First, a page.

GMAT Question of the Day - Daily to your Mailbox; hard ones only

It is currently 13 Nov 2019, 03:17

Close

GMAT Club Daily Prep

Thank you for using the timer - this advanced tool can estimate your performance and suggest more practice questions. We have subscribed you to Daily Prep Questions via email.

Customized
for You

we will pick new questions that match your level based on your Timer History

Track
Your Progress

every week, we’ll send you an estimated GMAT score based on your performance

Practice
Pays

we will pick new questions that match your level based on your Timer History

Not interested in getting valuable practice questions and articles delivered to your email? No problem, unsubscribe here.

Close

Request Expert Reply

Confirm Cancel

For the sequence a1, a2, a3 ... an, an is defined by an = an−1 + 3. If

  new topic post reply Question banks Downloads My Bookmarks Reviews Important topics  
Author Message
TAGS:

Hide Tags

Find Similar Topics 
Math Expert
User avatar
V
Joined: 02 Sep 2009
Posts: 59012
For the sequence a1, a2, a3 ... an, an is defined by an = an−1 + 3. If  [#permalink]

Show Tags

New post 04 Apr 2018, 22:10
00:00
A
B
C
D
E

Difficulty:

  15% (low)

Question Stats:

86% (01:26) correct 14% (01:25) wrong based on 77 sessions

HideShow timer Statistics

Senior Manager
Senior Manager
User avatar
G
Joined: 31 May 2017
Posts: 334
GMAT ToolKit User Reviews Badge
Re: For the sequence a1, a2, a3 ... an, an is defined by an = an−1 + 3. If  [#permalink]

Show Tags

New post 05 Apr 2018, 20:26
1
The numbers are addition of 3 to each numbers from a2 to a15.

a12 = 33
a15 = 42
a15 - a12 = 42-33 = 9

Ans: C

Posted from my mobile device
_________________
Manager
Manager
avatar
G
Joined: 05 Feb 2016
Posts: 166
Location: India
Concentration: General Management, Marketing
WE: Information Technology (Computer Software)
GMAT ToolKit User CAT Tests
Re: For the sequence a1, a2, a3 ... an, an is defined by an = an−1 + 3. If  [#permalink]

Show Tags

New post 04 Apr 2018, 22:25
Bunuel wrote:
For the sequence \(a_1\), \(a_2\), \(a_3\) ... \(a_n\), \(an\) is defined by \(a_n = a_{n−1} + 3\). If \(a_1 = 0\), then what is \(a_{15} − a_{12}\)?

A. 3
B. 6
C. 9
D. 12
E. 15


\(a_{15} = a_{1} + 3*14\)
\(a_{12} = a_{1} + 3*11\)

\(a_{15} − a_{12}=9\)
Senior SC Moderator
avatar
V
Joined: 22 May 2016
Posts: 3648
For the sequence a1, a2, a3 ... an, an is defined by an = an−1 + 3. If  [#permalink]

Show Tags

New post 05 Apr 2018, 05:53
Bunuel wrote:
For the sequence \(a_1\), \(a_2\), \(a_3\) ... \(a_n\), \(an\) is defined by \(a_n = a_{n−1} + 3\). If \(a_1 = 0\), then what is \(a_{15} − a_{12}\)?

A. 3
B. 6
C. 9
D. 12
E. 15

The sequence is defined by
\(a_n = a_{n−1} + 3\). If the way to solve is not apparent, list a few terms.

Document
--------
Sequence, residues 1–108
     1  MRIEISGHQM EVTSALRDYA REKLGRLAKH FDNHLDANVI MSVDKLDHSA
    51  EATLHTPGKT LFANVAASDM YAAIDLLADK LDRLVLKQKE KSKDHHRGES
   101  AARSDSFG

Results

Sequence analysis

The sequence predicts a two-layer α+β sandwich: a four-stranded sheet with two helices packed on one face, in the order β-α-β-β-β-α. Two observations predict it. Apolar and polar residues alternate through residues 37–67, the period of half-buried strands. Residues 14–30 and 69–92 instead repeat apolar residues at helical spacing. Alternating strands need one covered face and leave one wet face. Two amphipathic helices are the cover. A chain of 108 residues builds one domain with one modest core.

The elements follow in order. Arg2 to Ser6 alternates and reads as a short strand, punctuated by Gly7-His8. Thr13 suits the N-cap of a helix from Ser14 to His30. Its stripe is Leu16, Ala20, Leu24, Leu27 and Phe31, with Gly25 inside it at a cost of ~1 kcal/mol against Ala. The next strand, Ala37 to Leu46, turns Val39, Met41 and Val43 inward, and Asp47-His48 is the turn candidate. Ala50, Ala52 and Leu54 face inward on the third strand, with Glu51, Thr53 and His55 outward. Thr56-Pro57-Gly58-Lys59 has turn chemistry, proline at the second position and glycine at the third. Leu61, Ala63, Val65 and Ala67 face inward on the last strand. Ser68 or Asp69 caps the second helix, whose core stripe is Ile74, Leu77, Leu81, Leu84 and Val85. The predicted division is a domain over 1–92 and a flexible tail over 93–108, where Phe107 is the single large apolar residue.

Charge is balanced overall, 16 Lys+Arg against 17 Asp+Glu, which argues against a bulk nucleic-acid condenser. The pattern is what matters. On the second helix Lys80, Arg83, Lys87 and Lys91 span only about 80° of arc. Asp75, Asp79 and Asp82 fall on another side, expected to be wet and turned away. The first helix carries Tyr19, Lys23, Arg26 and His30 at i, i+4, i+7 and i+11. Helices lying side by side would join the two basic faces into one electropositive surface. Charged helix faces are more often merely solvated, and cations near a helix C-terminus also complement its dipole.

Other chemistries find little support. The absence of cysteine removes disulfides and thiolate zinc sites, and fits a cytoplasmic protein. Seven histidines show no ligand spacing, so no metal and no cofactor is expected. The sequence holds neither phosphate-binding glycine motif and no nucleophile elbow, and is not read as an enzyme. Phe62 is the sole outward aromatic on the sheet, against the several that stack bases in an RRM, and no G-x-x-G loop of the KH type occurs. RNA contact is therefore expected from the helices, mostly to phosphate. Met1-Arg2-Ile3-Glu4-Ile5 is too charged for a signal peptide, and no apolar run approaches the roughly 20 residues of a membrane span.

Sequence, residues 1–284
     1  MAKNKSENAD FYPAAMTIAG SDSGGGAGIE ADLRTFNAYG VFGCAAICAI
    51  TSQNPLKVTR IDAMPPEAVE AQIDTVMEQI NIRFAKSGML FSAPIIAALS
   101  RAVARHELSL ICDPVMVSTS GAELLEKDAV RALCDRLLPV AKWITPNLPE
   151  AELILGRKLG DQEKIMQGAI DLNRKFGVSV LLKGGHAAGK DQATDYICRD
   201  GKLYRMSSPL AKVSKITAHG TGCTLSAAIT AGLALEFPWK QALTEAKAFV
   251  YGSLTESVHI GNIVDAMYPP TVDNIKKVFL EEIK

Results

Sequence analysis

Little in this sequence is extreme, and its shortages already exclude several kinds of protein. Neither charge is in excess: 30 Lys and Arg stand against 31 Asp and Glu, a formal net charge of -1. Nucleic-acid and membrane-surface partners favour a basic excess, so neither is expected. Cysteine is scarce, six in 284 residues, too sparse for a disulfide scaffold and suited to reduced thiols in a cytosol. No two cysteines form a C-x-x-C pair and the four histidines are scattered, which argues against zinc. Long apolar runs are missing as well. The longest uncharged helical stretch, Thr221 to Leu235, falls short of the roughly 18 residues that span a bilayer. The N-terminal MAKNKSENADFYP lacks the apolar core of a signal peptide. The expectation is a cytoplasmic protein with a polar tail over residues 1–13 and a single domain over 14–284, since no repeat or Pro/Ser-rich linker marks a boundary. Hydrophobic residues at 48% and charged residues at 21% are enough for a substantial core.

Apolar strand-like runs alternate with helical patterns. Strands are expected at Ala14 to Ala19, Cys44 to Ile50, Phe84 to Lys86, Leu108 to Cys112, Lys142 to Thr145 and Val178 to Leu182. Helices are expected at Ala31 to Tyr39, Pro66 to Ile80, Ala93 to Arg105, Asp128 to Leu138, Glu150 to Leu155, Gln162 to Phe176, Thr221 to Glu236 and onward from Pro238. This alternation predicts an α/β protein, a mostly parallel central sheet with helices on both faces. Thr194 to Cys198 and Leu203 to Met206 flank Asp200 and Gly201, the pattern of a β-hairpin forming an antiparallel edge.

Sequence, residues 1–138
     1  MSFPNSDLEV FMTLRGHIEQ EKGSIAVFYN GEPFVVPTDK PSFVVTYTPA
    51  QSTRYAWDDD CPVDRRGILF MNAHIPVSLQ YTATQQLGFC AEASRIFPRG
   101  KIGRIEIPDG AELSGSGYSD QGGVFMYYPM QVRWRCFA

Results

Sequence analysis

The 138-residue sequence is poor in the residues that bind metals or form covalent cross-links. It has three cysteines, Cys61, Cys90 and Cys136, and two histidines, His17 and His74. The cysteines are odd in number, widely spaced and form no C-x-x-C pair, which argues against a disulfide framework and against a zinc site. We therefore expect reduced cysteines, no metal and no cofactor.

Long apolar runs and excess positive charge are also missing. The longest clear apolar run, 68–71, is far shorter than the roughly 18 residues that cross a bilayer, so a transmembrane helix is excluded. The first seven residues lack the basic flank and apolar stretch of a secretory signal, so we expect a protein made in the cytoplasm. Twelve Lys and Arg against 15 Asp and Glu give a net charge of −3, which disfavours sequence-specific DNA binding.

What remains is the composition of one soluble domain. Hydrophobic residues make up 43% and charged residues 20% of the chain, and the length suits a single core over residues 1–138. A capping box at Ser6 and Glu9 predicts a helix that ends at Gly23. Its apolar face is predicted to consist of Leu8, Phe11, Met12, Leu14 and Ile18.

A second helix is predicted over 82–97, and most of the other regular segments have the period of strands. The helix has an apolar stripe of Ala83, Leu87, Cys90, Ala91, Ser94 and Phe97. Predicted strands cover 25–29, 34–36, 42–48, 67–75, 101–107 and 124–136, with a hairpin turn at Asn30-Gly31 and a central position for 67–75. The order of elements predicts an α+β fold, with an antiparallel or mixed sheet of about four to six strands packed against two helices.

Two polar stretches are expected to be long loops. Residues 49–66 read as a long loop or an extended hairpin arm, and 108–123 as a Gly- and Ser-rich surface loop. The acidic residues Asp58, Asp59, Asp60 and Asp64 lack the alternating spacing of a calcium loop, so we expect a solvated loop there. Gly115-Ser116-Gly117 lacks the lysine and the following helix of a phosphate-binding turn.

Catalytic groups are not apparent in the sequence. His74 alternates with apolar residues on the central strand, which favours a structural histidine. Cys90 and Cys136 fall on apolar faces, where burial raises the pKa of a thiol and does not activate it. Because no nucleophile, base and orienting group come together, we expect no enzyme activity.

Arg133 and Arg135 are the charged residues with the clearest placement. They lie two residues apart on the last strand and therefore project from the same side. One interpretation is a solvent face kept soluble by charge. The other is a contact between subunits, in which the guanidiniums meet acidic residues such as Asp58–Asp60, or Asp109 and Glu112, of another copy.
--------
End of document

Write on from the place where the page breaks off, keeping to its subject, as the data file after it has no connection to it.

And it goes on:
\(a_1 = 0\)
\(a_2 = a_1 + 3 = (0 + 3) = 3\)
\(a_3 = a_2 + 3 = 6\)
\(a_4 = a_3 + 3 = 9\)
\(a_5 = 12\)


There are a lot of ways to handle this pattern.
You can extrapolate, for example, from the number of multiples of 3 between three terms, or rewrite the definition.*

Extrapolate from \(a_1\) to \(a_4\) and \(a_2\) to \(a_5\):
The difference between any three terms is 9
From \(a_{12}\) to \(a_{15}\) there are 3 terms
The difference between those terms is 9

Answer C

Rewrite the definition
Express the values above as [something] + added 3s;[something] is 0 = \(a_1\)

\(a_1 = 0\)
\(a_2 = 3 = (0+3)\)
\(a_3 = 6 = (0+3+3)\)
\(a_4 = 9 = (0)+(3+3+3)\)
\(a_5 = 12 = (0)+(3+3+3+3) =
(a_1 + (4)(3))\)


Each term's multiple of 3 is one fewer than the subscript. Rewritten definition of the AP:
\(a_{n} = a_1 + (n-1)d\)
\(a_{n} = a_1 + (n-1)3\)

\(a_{12} = 0 + (11*3) = 33\)
\(a_{15} = 0 + (14*3) = 42\)
\(a_{15} - a_{12} = (42-33) = 9\)


Answer C

*If the pattern does not strike, list terms \(a_1\) to \(a_{15}\)
\(0,3,6,9,12,15,18,21,24,27,30,\)
\((33 = a_{12}),36,39,(42 = a_{15})\)
\(a_{15} - a_{12} = (42 - 33) = 9\)

_________________
SC Butler has resumed! Get two SC questions to practice, whose links you can find by date, here.

Never doubt that a small group of thoughtful, committed citizens can change the world; indeed, it's the only thing that ever has -- Margaret Mead
GMAT Club Bot
For the sequence a1, a2, a3 ... an, an is defined by an = an−1 + 3. If   [#permalink] 05 Apr 2018, 05:53
Display posts from previous: Sort by

For the sequence a1, a2, a3 ... an, an is defined by an = an−1 + 3. If

  new topic post reply Question banks Downloads My Bookmarks Reviews Important topics  





Powered by phpBB © phpBB Group | Emoji artwork provided by EmojiOne